by Yule Heibel on May 5, 2003

In a recent OpenDemocracy article, Lost in translation: the narrowing of the American mind, K.A. Dilday notes that Americans seem to read only other Americans, perhaps throwing in some Brits and Canadians and Aussies, but at any rate rarely anything not originally written in English. Only about 3% of the fiction and poetry published in the US in 1999 was translated: that’s about 330 titles out of a total of 11,570. As Dilday notes, “Without translations, Americans, who are notoriously monolingual, have access only to the perspectives of those who write and speak in English; thus the ideas of millions are lost to them.” She adds that “The passions and mores of other cultures travel most easily when borne on a fable. Writers give voice to unspoken national longing.”

Here’s a Japanese tale, via email. My eldest sister lives in Tokyo, Japan. There are many abandoned cats in the city, and my sister rescues as many as she can. The strays seem to be emblematic of a bigger social and cultural attitude difference, though. She sent this story today, which she dubbed “for mother’s day” (but I’ll have to translate it; she wrote to me in German):

A human mother loses her 22-year old son to a catastrophic error relating to a medication he was taking. Inconsolable and pierced by wild pain, she puts the entire blame on the family cat and demands of her husband that he throw the cat out. The cat lands in a public park. Mourning his son’s death and looking for comfort, the father in turn can’t bring himself to abandon the cat entirely. Thus he goes daily to feed it. The cat gets pregnant and gives birth to six kittens in the park bushes. Last week, extremely heavy rains inundated Tokyo. The cat mother carries her six kittens back to her old home. She carries each one individually, of course — through rain that appears to be getting dumped over Tokyo rooftops by the bucket. Six times she pads to the house, five times back, each way lasting about 20 minutes. The human mother is enraged when she discovers that the cat has returned, and makes her husband carry cat and kittens back to the park. On the way he meets an acquaintance to whom he tells the story; that person tells a cat rescue volunteer, who brings the tale to my sister. She tells me in a postscript: “I can help the cat mother, she and her kittens are coming to my house today; I can’t help the human mother, I don’t have the charisma or the soul for it. But one asks oneself, why didn’t anyone come upon the idea of spaying the cat?”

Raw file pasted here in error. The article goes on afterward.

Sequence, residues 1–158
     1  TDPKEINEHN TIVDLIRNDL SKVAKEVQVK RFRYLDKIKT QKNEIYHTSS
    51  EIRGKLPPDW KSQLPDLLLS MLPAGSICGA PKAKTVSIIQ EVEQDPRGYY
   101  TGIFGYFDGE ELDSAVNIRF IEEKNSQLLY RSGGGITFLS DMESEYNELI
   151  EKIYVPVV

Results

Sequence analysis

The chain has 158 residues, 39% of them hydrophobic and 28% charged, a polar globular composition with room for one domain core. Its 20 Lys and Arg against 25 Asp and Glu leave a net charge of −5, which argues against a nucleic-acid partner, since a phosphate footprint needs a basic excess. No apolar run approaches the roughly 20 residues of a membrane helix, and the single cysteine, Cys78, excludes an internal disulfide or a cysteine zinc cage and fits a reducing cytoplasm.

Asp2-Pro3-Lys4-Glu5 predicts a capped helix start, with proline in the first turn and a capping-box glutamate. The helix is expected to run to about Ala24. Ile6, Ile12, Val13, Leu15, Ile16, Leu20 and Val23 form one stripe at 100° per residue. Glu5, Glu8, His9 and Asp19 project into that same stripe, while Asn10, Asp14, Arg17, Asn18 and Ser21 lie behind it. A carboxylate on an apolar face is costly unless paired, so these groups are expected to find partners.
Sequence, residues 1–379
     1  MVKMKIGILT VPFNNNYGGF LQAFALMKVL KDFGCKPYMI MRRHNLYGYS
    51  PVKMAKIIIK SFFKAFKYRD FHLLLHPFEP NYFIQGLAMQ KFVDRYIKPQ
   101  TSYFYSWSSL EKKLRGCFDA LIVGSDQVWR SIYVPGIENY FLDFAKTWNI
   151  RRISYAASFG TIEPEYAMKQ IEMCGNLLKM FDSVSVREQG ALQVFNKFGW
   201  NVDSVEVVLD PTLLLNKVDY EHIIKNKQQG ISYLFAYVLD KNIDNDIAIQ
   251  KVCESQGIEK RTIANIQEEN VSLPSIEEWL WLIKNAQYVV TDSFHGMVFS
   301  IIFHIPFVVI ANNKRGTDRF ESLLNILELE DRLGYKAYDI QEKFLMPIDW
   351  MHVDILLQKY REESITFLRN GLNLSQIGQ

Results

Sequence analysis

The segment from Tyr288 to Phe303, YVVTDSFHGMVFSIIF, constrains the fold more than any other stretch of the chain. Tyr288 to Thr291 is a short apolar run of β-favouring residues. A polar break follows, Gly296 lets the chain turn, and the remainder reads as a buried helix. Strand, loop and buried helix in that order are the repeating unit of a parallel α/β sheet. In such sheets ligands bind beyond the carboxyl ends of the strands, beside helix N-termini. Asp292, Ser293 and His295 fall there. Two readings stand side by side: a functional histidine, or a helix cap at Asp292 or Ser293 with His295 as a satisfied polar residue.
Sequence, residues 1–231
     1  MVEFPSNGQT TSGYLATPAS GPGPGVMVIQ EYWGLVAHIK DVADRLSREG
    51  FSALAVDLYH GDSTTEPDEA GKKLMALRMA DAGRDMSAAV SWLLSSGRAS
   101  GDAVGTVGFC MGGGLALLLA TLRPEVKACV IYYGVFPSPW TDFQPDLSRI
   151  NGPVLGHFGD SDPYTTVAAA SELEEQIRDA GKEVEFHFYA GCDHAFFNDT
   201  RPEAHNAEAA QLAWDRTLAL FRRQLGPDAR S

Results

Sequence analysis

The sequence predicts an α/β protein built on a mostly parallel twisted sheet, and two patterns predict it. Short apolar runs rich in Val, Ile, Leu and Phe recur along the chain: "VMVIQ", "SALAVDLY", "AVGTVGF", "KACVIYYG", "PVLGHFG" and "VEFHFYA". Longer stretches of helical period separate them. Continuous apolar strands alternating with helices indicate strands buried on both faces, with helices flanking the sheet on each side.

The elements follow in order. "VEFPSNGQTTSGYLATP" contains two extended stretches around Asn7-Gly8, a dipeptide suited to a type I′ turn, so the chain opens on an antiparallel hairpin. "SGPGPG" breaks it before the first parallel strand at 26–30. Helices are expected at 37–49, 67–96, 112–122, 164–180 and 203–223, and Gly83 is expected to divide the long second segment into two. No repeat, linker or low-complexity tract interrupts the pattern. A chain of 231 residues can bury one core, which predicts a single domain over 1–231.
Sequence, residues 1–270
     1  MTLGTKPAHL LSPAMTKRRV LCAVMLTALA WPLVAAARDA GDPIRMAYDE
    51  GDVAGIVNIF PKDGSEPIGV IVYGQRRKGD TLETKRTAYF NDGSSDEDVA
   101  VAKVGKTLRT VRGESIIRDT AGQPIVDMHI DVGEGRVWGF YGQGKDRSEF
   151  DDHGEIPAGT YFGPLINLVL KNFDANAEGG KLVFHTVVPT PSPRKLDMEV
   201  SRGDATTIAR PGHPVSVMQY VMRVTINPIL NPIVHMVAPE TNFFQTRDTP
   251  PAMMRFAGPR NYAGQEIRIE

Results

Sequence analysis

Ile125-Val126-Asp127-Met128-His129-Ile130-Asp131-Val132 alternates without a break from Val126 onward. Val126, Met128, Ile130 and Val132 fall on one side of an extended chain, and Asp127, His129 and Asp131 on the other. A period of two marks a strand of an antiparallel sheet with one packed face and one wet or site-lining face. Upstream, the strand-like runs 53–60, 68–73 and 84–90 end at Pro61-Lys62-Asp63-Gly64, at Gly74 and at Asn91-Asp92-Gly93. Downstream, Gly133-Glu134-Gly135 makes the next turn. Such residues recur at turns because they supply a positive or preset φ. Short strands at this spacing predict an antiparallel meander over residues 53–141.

Suddenly, every story I had ever read translated from Japanese, or subtitled film I had seen by Kurosawa or Itami et al., seemed connected to this story. Translation works.

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